Reece is a preacher's grandson born in a storytelling state, and he illustrates his points as often with anecdotes as with statistics. He portrays the heroic work of Mine Safety and Health Administration inspector Jack Spadaro, whose whistle-blowing in the investigation of a catastrophic coal slurry spill in 2001 brought him into conflict with Bush administration appointees and led to his demotion and transfer. We meet Teri Blanton, one of the local activists behind the Stream Saver Bill, introduced in the Kentucky legislature to force companies to protect the watersheds in which they mine. Although the proposal faces a stiff battle from the coal industry, it holds promise because it takes as its constituency not the voiceless mountains but the residents of downstream cities -- with votes and money -- whose water originates (and is polluted) in mine country. "You're not an outsider," Blanton tells Reece. "We all live downstream."

We all live downstream. In his conclusion Reece recognizes the hope that lies in embracing this truth. He makes clear that laws and regulations, although prone to failure at the hands of corrupt officials, are important in providing the possibility of recourse in the courts. More persuasive is his argument that we must come to a religious -- or, if you prefer, philosophical -- understanding of our place on the planet. Rather than continue creating irreparable problems, then wringing our hands when they resist our solutions, Reece suggests that we learn from Aldo Leopold's advice to "think like a mountain." In this case that would entail more widely applying the lessons of Ecovillage, which teach that a healthy culture and a healthy planet begin with each of us, in a life "based not on commercial influences but on a more direct, intuitive combination of knowledge, passion, and responsibility." Lost Mountain describes both legislative and philosophical solutions, though by now the outcome of depending exclusively on government or corporate agencies is sadly evident. Both science and history underscore the message of our wisdom traditions: The earth will return to us exactly as we have sowed, and any culture that so carelessly violates it has earned its fate.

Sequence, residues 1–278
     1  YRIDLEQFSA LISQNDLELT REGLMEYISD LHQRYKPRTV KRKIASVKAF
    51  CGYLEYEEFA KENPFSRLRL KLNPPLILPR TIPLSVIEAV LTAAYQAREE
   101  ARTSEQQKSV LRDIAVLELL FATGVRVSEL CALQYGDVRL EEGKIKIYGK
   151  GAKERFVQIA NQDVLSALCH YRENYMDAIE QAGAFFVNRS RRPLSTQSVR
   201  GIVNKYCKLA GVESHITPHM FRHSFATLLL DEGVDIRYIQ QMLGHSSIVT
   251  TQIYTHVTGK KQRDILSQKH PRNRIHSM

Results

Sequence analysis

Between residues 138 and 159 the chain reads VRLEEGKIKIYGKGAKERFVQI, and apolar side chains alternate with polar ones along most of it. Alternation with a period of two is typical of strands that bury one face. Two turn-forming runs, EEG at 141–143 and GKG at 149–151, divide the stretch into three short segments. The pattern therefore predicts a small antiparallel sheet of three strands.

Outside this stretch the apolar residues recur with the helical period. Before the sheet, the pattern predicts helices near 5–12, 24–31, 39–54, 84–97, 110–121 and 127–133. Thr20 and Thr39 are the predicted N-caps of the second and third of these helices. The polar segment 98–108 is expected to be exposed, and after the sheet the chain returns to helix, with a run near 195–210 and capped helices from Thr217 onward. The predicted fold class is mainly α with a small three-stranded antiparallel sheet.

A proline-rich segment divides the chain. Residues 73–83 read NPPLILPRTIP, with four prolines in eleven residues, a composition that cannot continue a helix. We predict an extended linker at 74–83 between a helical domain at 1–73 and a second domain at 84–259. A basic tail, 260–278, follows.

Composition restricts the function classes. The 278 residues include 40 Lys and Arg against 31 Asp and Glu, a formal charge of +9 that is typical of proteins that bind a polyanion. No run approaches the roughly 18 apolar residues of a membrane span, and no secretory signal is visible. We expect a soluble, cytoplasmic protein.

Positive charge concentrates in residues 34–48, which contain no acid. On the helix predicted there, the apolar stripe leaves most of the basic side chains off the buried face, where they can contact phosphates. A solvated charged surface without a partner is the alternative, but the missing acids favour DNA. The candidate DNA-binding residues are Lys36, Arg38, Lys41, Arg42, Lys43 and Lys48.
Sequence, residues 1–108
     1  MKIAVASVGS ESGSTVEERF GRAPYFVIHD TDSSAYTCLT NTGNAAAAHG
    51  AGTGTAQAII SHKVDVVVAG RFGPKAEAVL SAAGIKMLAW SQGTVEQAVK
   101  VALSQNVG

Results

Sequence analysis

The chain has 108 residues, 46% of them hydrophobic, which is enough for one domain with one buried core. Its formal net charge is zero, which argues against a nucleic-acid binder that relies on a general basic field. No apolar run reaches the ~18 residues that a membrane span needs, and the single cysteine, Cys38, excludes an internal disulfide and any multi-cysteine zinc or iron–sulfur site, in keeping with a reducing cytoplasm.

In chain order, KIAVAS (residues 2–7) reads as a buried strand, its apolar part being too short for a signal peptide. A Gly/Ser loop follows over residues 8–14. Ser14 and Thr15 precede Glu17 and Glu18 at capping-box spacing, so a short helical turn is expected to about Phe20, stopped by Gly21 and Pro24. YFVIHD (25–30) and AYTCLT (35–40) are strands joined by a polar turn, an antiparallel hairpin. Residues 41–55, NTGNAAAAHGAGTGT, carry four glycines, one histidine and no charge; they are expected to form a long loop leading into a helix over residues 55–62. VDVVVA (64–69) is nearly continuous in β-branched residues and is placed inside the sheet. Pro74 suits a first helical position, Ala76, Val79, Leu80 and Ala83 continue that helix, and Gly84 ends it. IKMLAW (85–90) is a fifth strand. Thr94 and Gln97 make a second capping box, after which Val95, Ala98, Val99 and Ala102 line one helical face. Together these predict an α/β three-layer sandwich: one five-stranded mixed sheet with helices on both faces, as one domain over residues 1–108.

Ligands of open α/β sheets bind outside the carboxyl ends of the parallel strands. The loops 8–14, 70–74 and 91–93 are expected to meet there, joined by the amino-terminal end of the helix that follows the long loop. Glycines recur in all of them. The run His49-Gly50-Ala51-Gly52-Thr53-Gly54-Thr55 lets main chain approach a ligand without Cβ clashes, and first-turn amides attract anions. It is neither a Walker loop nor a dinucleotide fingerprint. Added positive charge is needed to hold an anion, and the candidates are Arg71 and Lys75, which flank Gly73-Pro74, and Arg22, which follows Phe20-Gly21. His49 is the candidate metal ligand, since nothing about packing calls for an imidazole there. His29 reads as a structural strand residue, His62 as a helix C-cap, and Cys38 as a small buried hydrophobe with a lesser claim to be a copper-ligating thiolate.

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Reviewed in this Issue
Lost Mountain
The Weather Makers
American Green

The Wild Indoors


Diorama of an Alaskan brown bear
Diorama of an Alaskan brown bear

Before the age of television and the Internet, the sight of a wild beast in its natural habitat, free from P. T. Barnum's shackles, was known only to the few who could afford grand expeditions to faraway lands. In the mid-1800s, Barnum's fanciful American Museum in New York City was considered to be among the finest natural history collections around; for 25 cents visitors could see a live whale and Tom Thumb, too.

Barnum took his show on the road in 1868, and from the cultural void emerged the American Museum of Natural History. Since then its habitat dioramas have captivated visitors, including Teddy Roosevelt, who in 1903 established the first national bird refuge after seeing one of the museum's early bird exhibits. Windows on Nature (Harry N. Abrams, $40) celebrates such displays for their beauty, their educational value, and their role in inspiring a conservationist spirit. It tells the tale of great field scientists and artists who contributed to each diorama, including that of the Alaska brown bear, shown here in final form and partially complete. And yes, the fur is real: Taxidermists played an important role in the institution's history, though by the 1950s the museum had stopped sending out expeditions to capture animals for its splendid collection, engagingly captured here in both words and images.






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Fenton Johnson is the author of Keeping Faith: A Skeptic's Journey Among Christian and Buddhist Monks (Houghton Mifflin). He was born and raised in rural Kentucky.

OnEarth. Spring 2006
Copyright 2006 by the Natural Resources Defense Council